Further productivity gains will require greater labor mobility in Japan, and this cannot be achieved without change to Japan’s immigration policy. A new policy increasing job opportunities for skilled workers in 2018 was a first step, but Japan will need to do better in the future to attract the kind of talent it needs to fuel its economic requirements.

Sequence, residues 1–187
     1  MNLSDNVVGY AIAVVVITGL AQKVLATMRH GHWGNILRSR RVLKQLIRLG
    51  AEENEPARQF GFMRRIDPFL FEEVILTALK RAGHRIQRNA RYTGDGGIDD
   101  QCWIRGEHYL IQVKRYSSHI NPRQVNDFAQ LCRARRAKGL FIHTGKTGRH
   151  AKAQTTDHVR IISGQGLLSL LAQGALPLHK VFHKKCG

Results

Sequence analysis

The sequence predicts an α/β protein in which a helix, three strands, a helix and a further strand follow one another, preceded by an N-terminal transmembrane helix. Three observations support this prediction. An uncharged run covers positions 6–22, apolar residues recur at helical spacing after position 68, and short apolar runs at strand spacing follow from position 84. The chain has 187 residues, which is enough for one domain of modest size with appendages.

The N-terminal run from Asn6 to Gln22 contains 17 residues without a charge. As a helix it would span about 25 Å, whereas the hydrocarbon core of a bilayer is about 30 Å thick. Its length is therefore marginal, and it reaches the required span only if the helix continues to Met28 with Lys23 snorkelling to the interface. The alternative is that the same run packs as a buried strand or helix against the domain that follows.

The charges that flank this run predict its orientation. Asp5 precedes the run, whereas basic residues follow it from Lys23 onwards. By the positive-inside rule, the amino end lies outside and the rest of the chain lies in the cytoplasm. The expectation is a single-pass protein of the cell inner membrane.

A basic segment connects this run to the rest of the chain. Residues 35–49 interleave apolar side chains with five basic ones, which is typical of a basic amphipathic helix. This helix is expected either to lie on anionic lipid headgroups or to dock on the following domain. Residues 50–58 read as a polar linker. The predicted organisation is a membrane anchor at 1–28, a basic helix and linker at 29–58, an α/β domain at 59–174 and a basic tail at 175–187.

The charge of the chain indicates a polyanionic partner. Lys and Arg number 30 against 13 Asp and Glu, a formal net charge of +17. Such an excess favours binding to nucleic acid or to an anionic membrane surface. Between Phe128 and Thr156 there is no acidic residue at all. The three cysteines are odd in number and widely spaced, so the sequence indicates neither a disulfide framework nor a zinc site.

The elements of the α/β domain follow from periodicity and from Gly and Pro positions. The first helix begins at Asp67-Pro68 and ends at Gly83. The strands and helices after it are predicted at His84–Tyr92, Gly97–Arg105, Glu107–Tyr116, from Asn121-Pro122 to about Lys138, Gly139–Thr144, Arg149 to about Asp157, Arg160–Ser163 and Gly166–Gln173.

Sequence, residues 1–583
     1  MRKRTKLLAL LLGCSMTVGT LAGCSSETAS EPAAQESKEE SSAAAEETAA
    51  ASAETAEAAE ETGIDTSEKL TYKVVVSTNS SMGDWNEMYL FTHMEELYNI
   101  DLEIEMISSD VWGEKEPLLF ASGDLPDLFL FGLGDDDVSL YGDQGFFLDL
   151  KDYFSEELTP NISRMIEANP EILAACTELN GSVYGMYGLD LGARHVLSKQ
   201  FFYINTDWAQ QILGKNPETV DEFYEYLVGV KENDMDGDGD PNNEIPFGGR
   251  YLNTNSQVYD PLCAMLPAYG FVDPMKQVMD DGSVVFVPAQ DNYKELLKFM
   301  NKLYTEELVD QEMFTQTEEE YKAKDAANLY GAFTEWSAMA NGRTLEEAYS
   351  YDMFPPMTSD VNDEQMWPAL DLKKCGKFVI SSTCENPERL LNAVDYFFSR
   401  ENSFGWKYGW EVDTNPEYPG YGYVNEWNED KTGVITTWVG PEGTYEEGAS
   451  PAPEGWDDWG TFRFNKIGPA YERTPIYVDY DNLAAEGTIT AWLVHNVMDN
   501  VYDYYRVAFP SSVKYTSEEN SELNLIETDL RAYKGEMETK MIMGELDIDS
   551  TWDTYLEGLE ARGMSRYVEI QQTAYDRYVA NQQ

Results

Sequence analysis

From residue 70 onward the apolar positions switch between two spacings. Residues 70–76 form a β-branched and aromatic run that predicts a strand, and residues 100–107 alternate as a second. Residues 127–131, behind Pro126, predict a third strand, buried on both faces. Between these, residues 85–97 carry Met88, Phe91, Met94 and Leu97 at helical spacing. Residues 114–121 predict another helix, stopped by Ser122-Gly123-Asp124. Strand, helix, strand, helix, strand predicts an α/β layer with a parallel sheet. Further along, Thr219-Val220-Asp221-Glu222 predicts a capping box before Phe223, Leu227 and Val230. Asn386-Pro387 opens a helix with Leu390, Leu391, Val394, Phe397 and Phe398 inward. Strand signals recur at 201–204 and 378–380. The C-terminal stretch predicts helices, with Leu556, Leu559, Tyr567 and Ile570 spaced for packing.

Although potential successors may want to pick up many of Abe’s economic programs, they are less likely to embrace are some of his more politically fraught goals. Although still on the LDP’s platform, revising the nation’s constitution will likely recede as a priority in the coming years.  Some of the more politically sensitive aspects of Abe’s tenure, such as the allegation that the prime minister (and his wife, Akie Abe) were overly supportive of a new kindergarten that emphasized patriotic values, are likely to be less attractive to incoming leaders. On the diplomatic front, Abe’s successors may see an opportunity to tackle some of Japan’s more thorny relationships, such as its relationship with Seoul. But Abe will still be seen as an asset in much of Japan’s diplomacy. Especially important would be his close personal ties with U.S. President Donald Trump if Trump is reelected in November.